The keen public interest in issues like open data, open government and e-participation, the role they can play in solving political conflicts and future global challenges and their explosive impact on headline news (think Stuttgart 21/#S21) was shown by the high attendance at the Camp which brought together 200 people from public administration, politics, science, NGOs and enterprise. The two day event was marked by the plethora of best practice models brought forward by public administration including such landmark projects as the digital memory bank of the city of Coburg (digitales Gedächtnis der Stadt Coburg), and international contributions to open data projects like the internet portal Data.gov.uk from Great Britain which draws on the expertise of the UK government’s Transparency Board.
After the first day spent at the Bavarian Representation in Berlin which offered an introductory overview of the issues connected with open data, government 2.0 and e-participation and ended with a keynote address by the IT responsible of the Bavarian government, secretary of state Franz Josef Pschierer, day two kicked off in true BarCamp format at Unter den Linden ,the Bertelsmann Foundation’s representative offices in Berlin
Proceedings were opened by Brigitte Mohn. In her speech she welcomed the BarCamp as an event format tailored to nurturing dialogue, emphasized the important role played by open data in the vitalization of democracy in Germany, and referred to the findings of the FORSA Survey entitled “Do citizens really want more transparency?” in which 88% of all respondents were in favor of the publication of non-personal data by public agencies.
With no less than 24 sessions the second day offered a richly diversified and exciting program for all concerned. Small groups talked with staff from the Federal Ministry of the Interior about the benefits open data bring to the general population, the economy and public administration or put forward their own ideas about specific internet applications (apps) in mobile telephony for the data-aided enhancement of administrative processes. Two projects from the Bertelsmann Foundation - the Bürgerforum 2011 and the data app Stock and Flows, together with the www.futurechallenges.org platform which shows the mutual financial indebtedness of individual states, used the opportunity to present themselves for comments and criticism from the Camp audience. The Foundation’s own platform www.futurechallenges.org was the host of this year’s Government 2.0 Camp.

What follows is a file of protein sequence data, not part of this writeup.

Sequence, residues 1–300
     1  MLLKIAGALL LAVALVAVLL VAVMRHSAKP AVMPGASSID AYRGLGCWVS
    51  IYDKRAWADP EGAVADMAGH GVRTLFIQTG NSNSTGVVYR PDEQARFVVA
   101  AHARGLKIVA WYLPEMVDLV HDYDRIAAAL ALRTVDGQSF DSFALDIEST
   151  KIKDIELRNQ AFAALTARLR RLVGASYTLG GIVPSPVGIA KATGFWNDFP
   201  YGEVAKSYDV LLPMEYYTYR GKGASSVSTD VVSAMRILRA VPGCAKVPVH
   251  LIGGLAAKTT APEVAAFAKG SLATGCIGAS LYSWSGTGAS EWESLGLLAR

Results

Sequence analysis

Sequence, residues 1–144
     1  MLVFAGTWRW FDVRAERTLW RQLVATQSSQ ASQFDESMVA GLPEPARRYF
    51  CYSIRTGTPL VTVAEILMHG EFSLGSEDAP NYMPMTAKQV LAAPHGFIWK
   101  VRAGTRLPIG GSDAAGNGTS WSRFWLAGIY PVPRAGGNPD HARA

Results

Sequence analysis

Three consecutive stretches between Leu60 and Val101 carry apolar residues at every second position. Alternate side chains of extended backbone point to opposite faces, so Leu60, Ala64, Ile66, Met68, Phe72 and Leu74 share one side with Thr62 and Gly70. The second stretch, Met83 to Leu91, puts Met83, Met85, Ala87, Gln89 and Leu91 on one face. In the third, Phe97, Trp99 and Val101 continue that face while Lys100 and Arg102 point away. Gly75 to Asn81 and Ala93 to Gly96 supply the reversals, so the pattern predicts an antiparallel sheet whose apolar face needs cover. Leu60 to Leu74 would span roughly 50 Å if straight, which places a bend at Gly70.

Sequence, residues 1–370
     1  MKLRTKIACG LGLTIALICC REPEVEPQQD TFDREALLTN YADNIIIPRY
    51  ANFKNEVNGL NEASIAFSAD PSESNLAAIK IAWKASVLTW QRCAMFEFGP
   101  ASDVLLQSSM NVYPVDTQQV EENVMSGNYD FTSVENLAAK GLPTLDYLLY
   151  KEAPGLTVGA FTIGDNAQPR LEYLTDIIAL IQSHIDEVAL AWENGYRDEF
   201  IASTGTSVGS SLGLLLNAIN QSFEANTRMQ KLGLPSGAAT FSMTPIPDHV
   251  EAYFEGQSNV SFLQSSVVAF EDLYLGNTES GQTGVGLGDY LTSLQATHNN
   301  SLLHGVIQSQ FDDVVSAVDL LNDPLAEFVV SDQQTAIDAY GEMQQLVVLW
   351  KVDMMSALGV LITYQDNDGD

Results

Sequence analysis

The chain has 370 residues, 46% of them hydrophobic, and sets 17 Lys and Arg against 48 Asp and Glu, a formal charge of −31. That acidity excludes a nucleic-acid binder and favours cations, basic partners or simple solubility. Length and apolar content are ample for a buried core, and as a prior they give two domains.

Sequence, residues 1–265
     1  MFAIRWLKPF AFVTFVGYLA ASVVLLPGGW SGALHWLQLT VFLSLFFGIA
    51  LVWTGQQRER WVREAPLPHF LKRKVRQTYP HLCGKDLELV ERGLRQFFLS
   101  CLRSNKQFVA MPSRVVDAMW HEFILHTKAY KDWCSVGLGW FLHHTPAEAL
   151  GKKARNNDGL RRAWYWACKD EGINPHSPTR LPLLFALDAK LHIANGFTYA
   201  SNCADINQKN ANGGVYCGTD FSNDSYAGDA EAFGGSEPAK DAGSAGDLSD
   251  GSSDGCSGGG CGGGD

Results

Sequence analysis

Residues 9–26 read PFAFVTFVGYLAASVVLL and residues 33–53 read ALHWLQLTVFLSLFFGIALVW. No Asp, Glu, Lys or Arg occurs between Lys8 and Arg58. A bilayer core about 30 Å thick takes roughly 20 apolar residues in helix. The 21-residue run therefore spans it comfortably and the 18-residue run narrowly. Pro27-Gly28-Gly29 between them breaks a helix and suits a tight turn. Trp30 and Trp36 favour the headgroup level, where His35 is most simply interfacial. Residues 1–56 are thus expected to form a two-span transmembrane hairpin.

The first concrete results of the Government 2.0 Camp have been very encouraging and speak highly for the results-oriented working methods of the BarCamp format. The 28 October now marks the first of a regular series of joint talks on Open Government and Open Data with the City of Berlin. More information on this initiative is given on: http://opendataberlin.wordpress.com.